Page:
PHOENIX — More than 30 years after it was brazenly stolen from an Arizona museum, a painting by Willem de Kooning reportedly worth $100 million is going on display back where it all began.

The University of Arizona Museum of Art in Tucson is throwing a fundraiser and homecoming party of sorts for “Woman-Ochre” on Sunday before it gets whisked away for months of restoration work. For some who worked at the museum when the painting was stolen in 1985, the celebration still seems surreal.

Lee Karpiscak, who was the curator of collections at the time, recalls the entire staff feeling devastated. “We tried to be realistic about it,” she said. “All these scenarios go through your head and make you crazy. We certainly hoped it would be returned.”

It was the morning after Thanksgiving when authorities said a man and a woman showed up at the museum. A security guard and students working the front desk were the only ones there, according to Karpiscak. Police said the woman distracted the guard with small-talk while the man cut the painting right out of the frame, leaving edges of the canvas still attached. The entire heist lasted around 15 minutes.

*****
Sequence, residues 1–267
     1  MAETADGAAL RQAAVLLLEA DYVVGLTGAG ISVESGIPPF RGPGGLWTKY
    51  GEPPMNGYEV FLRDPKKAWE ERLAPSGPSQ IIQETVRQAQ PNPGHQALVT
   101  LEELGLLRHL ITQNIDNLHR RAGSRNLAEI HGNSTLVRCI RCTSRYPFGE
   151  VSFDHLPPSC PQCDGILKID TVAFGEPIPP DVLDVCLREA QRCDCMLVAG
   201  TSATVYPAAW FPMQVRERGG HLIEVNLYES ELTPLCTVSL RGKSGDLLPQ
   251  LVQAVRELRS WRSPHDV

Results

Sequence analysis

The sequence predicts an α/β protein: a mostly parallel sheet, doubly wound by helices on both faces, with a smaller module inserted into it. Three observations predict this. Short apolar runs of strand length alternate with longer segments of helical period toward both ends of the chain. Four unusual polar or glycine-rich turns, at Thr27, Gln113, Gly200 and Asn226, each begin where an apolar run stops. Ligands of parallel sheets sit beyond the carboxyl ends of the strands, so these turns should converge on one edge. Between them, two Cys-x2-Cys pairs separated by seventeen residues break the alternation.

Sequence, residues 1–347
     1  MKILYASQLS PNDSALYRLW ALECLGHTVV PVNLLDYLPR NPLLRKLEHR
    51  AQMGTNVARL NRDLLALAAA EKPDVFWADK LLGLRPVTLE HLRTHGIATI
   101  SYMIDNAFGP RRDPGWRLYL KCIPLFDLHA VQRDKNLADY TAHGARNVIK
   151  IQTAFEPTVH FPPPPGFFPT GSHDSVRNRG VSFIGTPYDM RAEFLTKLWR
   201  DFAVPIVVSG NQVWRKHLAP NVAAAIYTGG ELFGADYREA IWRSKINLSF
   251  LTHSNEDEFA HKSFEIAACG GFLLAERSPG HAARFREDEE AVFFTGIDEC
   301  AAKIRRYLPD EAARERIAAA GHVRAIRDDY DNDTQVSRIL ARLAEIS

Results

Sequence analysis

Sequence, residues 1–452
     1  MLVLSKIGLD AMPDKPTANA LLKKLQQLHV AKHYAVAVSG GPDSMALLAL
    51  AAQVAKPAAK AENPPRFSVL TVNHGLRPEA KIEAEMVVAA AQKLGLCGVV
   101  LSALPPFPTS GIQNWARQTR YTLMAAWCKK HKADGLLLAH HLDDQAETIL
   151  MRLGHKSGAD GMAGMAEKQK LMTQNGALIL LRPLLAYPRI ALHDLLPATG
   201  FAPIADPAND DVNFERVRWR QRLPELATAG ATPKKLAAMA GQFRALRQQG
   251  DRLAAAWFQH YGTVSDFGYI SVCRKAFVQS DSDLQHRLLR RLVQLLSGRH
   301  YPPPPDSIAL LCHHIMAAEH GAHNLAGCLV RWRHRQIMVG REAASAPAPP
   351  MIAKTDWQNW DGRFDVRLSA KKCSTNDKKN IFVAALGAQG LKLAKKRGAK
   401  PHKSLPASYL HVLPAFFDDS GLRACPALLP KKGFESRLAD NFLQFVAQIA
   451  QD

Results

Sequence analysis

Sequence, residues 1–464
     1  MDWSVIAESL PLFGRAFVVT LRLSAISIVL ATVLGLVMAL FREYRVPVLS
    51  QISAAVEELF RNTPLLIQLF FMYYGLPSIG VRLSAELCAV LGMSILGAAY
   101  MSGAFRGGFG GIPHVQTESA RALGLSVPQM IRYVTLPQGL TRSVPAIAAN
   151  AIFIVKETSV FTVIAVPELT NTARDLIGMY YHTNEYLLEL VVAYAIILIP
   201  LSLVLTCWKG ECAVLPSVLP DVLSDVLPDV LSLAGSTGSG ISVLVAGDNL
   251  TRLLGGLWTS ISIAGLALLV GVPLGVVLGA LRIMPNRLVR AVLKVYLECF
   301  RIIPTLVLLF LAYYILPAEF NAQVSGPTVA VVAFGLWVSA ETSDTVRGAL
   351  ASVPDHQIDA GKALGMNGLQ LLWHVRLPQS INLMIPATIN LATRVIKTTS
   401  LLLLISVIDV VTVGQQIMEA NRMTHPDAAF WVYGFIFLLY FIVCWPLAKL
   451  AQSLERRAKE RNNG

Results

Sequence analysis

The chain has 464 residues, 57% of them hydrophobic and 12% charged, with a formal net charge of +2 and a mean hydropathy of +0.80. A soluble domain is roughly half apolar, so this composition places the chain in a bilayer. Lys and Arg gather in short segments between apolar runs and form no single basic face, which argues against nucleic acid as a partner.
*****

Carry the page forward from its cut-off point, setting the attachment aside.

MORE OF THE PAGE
Then in 2017, a furniture and antiques dealer in Silver City, New Mexico, bought the painting at an estate sale. When researching the piece, he discovered an article about the theft. He notified the museum. A conservator with the university found it to be a perfect match.

The furniture dealer had gotten the painting from the estate of Jerry and Rita Alter. The artwork had been hanging in their Cliff, New Mexico, home. Relatives also discovered a photo of the couple taken Thanksgiving Day 1985 in Tucson. Jerry Alter died in 2012 and his wife in 2017. Authorities have never publicly called them suspects.